Former vice mayor Johnetta Yarbrough, right, speaks on behalf of her daughter, Eboni Eaton, during Tuesday’s meeting of the board of mayor and alderman. Photo by David Perry

With tensions running high after the termination of Eboni Eaton on Friday, the City of Covington expected a large crowd at Tuesday’s meeting of the board of mayor and aldermen. 

City officials issued a special alert, notifying the public only 66 people could be seated inside the board room. No such notice has ever been issued before Monday. 

The meeting opened with a warning from mayor Jan Hensley that participants should remain respectful and a request from alderwoman Jean Johnson, on behalf of citizens, to reconsider Eaton’s termination. 


Alderman John Edwards also spoke, reading a prepared statement where he recounted his requests for information related to the incident and the perception that the board’s rules for citizen participation seemed to have changed at a time when citizens wanted to attend meetings and share their thoughts.

Perhaps the most impactful speaker of the evening was Eaton’s mother, former vice mayor Johnetta Yarbrough. 

“The irony in all of this is the same four aldermen who voted her in are the same four aldermen who voted her out without speaking to her or her representation,” she said.

Yarbrough recounted conversations she’s had with the mayor since the issues with Eaton. She suggested Eaton was terminated for speaking up for what’s right and was targeted and bullied by her colleagues and the mayor and his assistant.

Yarbrough asked many questions related to the meeting times, procedures, and Eaton’s refusal to have a meeting with him. 

She also suggested the mayor spoke with every one of the department heads except for Eaton when he was running, against Yarbrough and John Edwards, for mayor and later told her that the human resources department was not needed.

“I don’t mean to be disrespectful to anybody and I did not mean to be out of order on Friday, but that is my daughter, she is my seed. I birthed her, I taught her, I trained her. I instilled morals, values, and ethics into her. And for you to say she’s belligerent … when I think of belligerent, I think of somebody that’s drunk and out of control. Now, if you had said one of my other daughters would act in that manner, I would believe you, but not Ebony, because she is a reflection of my mother. Not even me, because I stand and show her fall short of the glory of God every single day.” 

Yarbrough, who has known Hensley for many years, also publicly addressed rumors that she cursed  him out during another meeting she had with him and public works director David Gray. 

“I did cuss. And this is what I said. And I don’t mean no disrespect in any way, but I’m a Black woman and Black people have a certain code. I’m not being racist or anything or trying to say anything wrong, but if you talk about somebody’s mama, mess with their child, they’re gonna whip your a–. I’m sorry. I mean, I’m sorry. I mean, I’m saying that day, what I said to you, because I told him and the reason why I can say is because he’s my classmate. When my brother went to the university of Martin, he rented rental houses from him. When my daughter was on the basketball team for four years, he supported her and bought tickets for her. So I’m not going to say it’s all racist motivated.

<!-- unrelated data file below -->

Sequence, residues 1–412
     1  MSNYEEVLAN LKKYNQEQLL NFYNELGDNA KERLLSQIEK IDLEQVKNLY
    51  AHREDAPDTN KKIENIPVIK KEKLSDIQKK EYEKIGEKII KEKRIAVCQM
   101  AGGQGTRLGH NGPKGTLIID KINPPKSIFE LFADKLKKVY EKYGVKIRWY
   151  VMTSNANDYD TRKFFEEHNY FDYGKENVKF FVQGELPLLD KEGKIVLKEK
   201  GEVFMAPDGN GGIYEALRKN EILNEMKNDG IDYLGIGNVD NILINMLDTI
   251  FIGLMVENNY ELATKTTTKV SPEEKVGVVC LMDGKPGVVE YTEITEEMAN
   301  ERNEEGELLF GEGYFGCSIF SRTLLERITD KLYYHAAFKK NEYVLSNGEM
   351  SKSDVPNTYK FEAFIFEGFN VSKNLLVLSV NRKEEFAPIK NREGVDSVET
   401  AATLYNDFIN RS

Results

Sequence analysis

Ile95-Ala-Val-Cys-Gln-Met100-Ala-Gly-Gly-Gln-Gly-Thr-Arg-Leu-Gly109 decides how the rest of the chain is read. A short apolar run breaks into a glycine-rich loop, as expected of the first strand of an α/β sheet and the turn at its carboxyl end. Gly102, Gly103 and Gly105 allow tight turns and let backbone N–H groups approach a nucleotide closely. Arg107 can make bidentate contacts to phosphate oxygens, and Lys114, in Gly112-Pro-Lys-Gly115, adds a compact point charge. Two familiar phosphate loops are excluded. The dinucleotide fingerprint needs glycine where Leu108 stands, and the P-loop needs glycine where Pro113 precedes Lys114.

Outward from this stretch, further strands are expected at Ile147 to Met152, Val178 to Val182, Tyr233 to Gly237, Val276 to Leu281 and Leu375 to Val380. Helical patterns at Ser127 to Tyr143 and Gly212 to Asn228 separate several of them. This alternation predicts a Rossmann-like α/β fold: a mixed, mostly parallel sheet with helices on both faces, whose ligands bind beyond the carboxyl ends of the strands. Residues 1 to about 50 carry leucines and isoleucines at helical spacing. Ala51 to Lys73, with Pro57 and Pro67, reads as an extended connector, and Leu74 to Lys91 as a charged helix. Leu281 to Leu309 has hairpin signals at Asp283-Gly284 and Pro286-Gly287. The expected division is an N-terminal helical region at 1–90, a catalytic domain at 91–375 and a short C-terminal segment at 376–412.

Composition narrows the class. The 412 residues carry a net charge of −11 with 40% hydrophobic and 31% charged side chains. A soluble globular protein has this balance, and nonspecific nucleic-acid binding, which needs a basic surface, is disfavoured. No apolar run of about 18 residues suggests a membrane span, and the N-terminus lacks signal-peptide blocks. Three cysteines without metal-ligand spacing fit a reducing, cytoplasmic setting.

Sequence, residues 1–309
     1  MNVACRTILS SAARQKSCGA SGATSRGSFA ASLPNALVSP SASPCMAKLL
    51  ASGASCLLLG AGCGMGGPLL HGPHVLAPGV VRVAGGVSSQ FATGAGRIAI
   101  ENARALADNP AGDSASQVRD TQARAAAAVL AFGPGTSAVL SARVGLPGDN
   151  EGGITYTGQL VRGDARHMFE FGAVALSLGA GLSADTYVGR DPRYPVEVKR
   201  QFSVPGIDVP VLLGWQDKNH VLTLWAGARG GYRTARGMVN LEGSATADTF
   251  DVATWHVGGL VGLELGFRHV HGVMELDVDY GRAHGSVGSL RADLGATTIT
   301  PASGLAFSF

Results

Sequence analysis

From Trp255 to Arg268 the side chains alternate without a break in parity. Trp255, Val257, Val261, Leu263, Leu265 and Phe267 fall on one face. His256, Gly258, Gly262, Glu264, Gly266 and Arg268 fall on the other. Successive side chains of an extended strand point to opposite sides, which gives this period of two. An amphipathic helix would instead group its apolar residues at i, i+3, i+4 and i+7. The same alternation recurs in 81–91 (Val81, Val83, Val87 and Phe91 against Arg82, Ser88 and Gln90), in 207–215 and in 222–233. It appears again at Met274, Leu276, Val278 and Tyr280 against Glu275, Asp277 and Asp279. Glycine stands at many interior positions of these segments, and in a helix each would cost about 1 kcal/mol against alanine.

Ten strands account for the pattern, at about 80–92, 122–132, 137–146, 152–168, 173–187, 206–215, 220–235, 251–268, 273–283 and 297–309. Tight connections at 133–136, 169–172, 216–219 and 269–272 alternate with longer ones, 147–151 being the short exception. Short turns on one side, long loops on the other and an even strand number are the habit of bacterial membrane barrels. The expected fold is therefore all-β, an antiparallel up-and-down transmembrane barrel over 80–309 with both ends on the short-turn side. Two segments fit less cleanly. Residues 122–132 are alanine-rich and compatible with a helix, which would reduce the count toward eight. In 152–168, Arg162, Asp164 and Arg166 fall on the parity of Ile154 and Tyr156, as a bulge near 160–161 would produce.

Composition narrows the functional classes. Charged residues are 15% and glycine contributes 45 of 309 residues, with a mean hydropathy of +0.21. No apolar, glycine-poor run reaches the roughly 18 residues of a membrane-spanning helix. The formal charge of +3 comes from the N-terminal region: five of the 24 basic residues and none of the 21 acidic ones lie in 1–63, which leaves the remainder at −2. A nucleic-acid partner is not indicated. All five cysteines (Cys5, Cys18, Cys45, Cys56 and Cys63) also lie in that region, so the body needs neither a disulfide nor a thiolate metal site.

“‘I’m just going to say maybe I could have accepted better if you just said, look, we’re not getting along. I don’t want you in this position. But when you assassinate and target somebody’s character, that’s a reflection of me …”

Yarbrough talked of her friendship with the mayor over the years, stating her brother once rented a home from him in Martin and that the mayor purchased tickets from her daughter when she was on the basketball team. 

As the former vice mayor continued with her statement, she shared the remainder of the conversation she had with him weeks ago.

“And I did tell Jan, because he was Jan before he was mayor, I told him, I said, ‘If you were a Black man, I will be whipping your motherf—ing a– right now,” she said during the public meeting. “I’m just being real … I’m going to Jan, but I felt kind enough to say it with him because before he became the mayor in that seat, he was my friend. And I know no other way in this world than to be real or to be me.”

“I hate this is happening. Simply I’m just saying I’m disgusted, I’m disappointed, and I’m very hurt.” 

The full video from the meeting can be watched below:

Echo Day
Author: Echo Day

Echo Day is an award-winning journalist, photographer and designer. She is currently The Leader's managing editor.


  1. This situation is a prime example of why nepotism is unethical. If you cannot control your emotions in a position of authority, you have no reason to be in that position. It appears she was hired because of who her mother is. The thing that is funny is the mother prides herself on saying that her daughter is just like her. Then she turns around and demonstrates being belligerent by her. offensive language, threatening someone, she then attempts to justify her actions by saying it’s because she’s black.
    Everyone wants to be treated equal, until they are. The mother needs to be terminated as well

  2. Jan Hensley ‘ Don’t switch up on us Now that you are The Mayor ‘ Be fair ‘ Treat ALL people the SAME

Comments are closed.